Helping people with computers... one answer at a time.
Outlook maintains a database of your email in a file called a PST. If that file has not been properly closed it'll be checked for errors on startup.
Every time I open Outlook it tells me that it was not closed properly and the data file is being checked for errors. How do I correct this issue?
Outlook's funny that way.
I would run into this issue from time to time when using Outlook myself. What I found was something that most might find surprising...
Exiting Outlook didn't always exit Outlook.
Like many programs, I think Outlook tries to optimize for what its designers consider the most common usage scenarios. In this case, what that means is that sometimes after exiting Outlook, I would find it was still running, though not open or on my desktop. I'm not sure if that was intended to speed it up the next time I opened it (which it did) or what, but that's what I saw.
The difference was actually even more obscure:
If I closed Outlook by typing ALT+F4 (the Windows standard 'close application' command), Outlook would disappear from my screen, but would remain running behind the scenes. Depending on the version of Outlook the Outlook icon would remain in the notification area.
If I closed Outlook by clicking on File and then Exit, Outlook would actually exit completely.
The reason that this might relate to your situation is that when Outlook remains running, it does not close the PST file. That, in turn, means that if Outlook is forced to close immediately, say by a system shutdown, or particularly by turning off the system without having exited Windows first, the PST will be in that "not closed properly" state.
So, what should you do?
Here's my suggestion:
Try exiting using File->Exit and see if that makes a difference.
Always make sure that your turn your computer off by clicking the Start menu, and then Turn of Computer. (Yes, I know, clicking Start to Stop seems counter-intuitive, but the fact is turning off your computer is a process where a number of things need to be "cleaned up" first. Think of it as Starting that shut down process.)
Many of the PDA/cellphone syncing programs will actually cause Outlook to continue running, since they use Outlook to access your contacts and other information for synchronizing to your handheld device. If you run such software, you might consider turning it off and seeing if that gets rid of the problem.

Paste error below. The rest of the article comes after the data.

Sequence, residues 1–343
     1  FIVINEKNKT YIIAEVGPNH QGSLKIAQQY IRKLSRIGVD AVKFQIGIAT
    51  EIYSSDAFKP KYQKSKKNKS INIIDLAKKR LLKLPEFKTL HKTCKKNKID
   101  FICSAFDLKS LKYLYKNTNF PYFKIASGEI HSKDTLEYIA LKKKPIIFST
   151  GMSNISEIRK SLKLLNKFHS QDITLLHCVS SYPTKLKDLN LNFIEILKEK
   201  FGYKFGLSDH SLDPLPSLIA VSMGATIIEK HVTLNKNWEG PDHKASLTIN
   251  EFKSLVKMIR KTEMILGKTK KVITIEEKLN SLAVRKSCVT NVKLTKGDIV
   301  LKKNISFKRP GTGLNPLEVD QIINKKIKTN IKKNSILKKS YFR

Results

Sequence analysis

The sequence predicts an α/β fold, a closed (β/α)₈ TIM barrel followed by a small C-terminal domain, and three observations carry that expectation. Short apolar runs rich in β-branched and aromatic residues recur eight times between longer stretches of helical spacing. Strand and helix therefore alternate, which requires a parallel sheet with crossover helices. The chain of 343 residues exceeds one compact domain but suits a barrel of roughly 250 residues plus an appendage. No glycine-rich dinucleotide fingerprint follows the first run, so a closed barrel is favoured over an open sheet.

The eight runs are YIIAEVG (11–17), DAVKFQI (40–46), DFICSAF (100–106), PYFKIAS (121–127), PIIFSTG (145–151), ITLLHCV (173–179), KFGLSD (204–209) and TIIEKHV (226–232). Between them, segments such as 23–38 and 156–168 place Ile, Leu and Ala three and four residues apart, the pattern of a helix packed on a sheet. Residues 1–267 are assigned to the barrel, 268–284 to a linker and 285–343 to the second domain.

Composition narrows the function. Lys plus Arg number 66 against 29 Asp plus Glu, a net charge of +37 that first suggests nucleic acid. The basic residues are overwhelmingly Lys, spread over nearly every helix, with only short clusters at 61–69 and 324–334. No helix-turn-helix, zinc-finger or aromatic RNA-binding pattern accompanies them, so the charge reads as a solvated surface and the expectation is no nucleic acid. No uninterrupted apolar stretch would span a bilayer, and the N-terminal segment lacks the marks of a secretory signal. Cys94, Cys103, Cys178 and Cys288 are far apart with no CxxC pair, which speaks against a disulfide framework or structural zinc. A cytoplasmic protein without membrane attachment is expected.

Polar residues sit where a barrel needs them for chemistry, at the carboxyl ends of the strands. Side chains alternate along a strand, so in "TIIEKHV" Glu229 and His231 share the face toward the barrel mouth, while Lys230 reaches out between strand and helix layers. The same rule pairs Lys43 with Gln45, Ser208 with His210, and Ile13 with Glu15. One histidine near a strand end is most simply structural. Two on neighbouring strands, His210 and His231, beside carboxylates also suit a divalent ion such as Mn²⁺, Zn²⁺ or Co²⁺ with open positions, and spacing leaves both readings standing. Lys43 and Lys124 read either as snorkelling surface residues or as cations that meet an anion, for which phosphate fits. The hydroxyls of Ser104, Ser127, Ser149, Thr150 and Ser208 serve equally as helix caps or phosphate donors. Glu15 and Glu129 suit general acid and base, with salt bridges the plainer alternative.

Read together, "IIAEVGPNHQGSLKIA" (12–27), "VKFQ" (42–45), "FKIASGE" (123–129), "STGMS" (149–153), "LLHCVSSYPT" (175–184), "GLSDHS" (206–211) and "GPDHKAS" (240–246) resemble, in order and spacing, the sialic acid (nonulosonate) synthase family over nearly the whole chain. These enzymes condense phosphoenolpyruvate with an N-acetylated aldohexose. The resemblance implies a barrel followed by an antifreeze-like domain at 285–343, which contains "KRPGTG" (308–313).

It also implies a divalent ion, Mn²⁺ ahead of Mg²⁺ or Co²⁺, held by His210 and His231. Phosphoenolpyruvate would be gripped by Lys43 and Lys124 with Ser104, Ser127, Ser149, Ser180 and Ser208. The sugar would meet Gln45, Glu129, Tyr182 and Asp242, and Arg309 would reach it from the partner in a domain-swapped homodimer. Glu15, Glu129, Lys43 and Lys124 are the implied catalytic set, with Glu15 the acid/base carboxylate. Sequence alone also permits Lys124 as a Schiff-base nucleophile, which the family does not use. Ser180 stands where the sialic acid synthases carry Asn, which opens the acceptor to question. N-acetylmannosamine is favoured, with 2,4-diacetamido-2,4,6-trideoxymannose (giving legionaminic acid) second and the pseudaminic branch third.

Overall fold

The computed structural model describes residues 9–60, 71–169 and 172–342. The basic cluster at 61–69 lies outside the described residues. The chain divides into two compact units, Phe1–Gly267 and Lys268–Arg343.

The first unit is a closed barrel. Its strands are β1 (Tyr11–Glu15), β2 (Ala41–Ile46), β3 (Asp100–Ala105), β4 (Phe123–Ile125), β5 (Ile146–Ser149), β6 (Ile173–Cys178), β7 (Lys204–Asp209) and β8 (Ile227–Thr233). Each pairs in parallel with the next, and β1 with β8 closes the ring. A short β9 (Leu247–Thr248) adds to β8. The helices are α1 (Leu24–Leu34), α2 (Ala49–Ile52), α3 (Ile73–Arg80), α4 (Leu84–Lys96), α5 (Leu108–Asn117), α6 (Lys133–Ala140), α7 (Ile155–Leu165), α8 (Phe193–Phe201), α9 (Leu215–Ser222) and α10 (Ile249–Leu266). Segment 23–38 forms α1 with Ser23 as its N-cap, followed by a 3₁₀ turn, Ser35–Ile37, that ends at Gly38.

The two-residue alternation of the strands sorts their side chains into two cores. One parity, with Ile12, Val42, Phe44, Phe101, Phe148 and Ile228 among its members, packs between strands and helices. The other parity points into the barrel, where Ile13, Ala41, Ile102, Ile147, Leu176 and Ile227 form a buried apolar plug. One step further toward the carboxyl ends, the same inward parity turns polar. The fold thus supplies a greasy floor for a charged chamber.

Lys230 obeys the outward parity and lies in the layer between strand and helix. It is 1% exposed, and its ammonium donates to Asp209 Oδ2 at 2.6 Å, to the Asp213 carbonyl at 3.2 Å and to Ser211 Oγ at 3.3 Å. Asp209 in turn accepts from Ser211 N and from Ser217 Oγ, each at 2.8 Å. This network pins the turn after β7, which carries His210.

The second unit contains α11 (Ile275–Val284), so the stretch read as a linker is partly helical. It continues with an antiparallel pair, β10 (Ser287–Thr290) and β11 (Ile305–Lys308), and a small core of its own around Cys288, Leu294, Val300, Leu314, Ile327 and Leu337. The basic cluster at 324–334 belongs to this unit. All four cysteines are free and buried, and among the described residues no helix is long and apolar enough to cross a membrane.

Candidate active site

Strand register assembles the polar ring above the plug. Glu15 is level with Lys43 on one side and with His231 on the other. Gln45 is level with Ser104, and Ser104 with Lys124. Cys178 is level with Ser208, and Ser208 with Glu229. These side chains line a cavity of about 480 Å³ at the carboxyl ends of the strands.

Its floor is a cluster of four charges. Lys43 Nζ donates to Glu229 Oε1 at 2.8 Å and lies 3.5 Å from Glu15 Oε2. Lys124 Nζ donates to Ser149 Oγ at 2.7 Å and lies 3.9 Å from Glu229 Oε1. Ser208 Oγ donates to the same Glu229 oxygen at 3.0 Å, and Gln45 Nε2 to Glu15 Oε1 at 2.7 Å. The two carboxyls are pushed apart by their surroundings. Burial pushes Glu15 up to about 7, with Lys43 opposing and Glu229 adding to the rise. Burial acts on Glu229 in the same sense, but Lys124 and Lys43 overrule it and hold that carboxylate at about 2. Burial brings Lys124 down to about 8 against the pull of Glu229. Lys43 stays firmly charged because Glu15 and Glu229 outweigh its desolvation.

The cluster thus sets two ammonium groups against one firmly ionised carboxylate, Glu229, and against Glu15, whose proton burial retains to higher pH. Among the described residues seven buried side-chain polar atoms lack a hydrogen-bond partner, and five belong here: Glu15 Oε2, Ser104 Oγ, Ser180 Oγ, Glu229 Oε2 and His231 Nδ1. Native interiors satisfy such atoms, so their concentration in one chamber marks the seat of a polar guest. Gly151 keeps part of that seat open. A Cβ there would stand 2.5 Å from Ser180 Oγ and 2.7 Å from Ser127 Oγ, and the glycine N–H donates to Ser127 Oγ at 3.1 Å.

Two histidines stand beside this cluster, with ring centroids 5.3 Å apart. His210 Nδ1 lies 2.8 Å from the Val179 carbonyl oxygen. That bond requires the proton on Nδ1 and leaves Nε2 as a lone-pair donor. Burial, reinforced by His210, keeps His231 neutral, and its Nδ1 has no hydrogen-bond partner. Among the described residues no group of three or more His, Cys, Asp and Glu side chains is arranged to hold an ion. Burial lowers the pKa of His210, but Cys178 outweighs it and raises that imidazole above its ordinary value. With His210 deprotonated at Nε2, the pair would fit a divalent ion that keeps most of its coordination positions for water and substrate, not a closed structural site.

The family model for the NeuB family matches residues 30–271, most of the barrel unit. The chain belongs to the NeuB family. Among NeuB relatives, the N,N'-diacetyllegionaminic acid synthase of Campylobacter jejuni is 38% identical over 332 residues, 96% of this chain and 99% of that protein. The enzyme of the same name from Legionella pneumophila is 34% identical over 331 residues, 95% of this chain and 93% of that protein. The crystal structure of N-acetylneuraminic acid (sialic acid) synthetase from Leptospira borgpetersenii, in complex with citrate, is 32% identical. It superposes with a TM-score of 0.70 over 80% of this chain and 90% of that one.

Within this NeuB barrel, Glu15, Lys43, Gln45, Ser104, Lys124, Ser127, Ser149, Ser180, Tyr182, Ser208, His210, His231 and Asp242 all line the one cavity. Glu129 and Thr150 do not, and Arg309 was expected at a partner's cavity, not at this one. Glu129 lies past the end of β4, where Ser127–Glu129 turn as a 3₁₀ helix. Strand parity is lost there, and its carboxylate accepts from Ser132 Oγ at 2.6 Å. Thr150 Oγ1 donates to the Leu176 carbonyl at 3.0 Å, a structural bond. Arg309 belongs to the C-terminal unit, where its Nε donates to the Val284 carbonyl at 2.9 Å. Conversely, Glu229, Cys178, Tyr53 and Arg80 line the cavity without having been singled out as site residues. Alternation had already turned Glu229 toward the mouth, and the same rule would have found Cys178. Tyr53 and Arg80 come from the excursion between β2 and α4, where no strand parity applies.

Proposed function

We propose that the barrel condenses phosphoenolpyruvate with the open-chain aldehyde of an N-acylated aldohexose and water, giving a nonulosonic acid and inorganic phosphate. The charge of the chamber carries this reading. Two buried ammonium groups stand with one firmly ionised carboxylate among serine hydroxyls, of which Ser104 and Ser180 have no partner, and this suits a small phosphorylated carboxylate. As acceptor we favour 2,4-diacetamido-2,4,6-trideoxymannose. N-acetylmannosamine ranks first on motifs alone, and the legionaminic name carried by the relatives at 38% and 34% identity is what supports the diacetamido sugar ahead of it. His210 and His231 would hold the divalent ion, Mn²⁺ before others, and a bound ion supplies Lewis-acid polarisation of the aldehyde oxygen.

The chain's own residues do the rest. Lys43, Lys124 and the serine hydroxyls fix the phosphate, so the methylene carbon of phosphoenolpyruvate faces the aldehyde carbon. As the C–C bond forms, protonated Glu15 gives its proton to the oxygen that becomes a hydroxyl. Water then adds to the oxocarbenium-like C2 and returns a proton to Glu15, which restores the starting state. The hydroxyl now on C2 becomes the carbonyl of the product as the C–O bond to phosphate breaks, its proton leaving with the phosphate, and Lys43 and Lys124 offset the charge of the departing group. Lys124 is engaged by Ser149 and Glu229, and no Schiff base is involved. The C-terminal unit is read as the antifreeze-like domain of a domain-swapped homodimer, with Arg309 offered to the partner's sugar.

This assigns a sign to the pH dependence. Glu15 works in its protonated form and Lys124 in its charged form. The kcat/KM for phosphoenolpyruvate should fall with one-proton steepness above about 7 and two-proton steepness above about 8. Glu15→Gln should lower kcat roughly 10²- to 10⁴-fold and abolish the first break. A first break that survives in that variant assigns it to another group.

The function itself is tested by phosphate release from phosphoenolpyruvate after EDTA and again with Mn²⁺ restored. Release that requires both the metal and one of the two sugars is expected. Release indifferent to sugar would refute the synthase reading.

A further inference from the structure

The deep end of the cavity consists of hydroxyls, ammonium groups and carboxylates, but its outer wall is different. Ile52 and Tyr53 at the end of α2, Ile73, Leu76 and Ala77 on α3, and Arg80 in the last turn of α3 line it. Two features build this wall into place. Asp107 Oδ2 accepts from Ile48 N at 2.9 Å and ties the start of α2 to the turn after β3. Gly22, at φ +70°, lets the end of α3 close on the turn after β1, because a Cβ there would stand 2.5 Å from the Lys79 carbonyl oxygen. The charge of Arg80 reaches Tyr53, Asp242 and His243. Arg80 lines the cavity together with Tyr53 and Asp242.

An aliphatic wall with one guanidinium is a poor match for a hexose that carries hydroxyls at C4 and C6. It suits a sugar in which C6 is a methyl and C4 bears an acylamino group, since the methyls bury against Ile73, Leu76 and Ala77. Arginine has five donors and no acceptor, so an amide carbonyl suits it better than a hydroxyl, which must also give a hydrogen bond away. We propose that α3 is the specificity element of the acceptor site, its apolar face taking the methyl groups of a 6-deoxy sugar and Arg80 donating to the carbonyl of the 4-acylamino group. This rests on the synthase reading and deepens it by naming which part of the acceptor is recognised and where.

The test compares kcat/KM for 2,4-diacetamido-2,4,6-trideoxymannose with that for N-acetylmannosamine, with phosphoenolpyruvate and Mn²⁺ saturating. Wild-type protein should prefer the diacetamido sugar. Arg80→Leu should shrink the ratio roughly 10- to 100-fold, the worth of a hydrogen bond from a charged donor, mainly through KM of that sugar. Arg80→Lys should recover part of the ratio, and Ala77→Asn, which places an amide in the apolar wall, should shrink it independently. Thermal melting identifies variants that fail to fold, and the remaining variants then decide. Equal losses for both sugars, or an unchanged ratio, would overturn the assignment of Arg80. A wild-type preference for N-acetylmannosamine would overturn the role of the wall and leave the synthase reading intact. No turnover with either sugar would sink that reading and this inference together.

If you continue to have this problem, just before you turn off your computer, run Process Explorer and see if Outlook is still running. If it is, then that is, at least, a possible indicator that what I'm describing here might be the problem. (You can terminate the process, of course, but that will almost guarantee that you'll get the "not closed properly" error, since that will prevent Outlook from closing properly.)
It's possible that Outlook is having an error on its own shut down and not reporting it. Check your anti-malware software to see if it's trying to interfere with Outlook - things like real time email checking can sometimes cause these kinds of problems, though typically more visibly.
You might consider a re-install of Microsoft Office, and making sure that Office itself is up-to-date with it's latest patches.
And finally, for completeness, I also have to encourage you to double check your anti-virus and anti-spyware software, making sure that both are up to date and have up to date databases. While it's unlikely that malware is the cause, it remains a possibility since malware does often like to mess with email programs, and Outlook is a big, popular target.
It all boils down to making sure that Outlook has the opportunity to completely and correctly shut down prior to turning off your computer. If that's interrupted or prevented for some reason then the error you're getting will result the next time you start Outlook.
Oh, and of course, making sure that some other program isn't stepping on your PST file for some reason. That's rare, and typically much more disastrous, but worth a look if the steps above don't resolve the issue.
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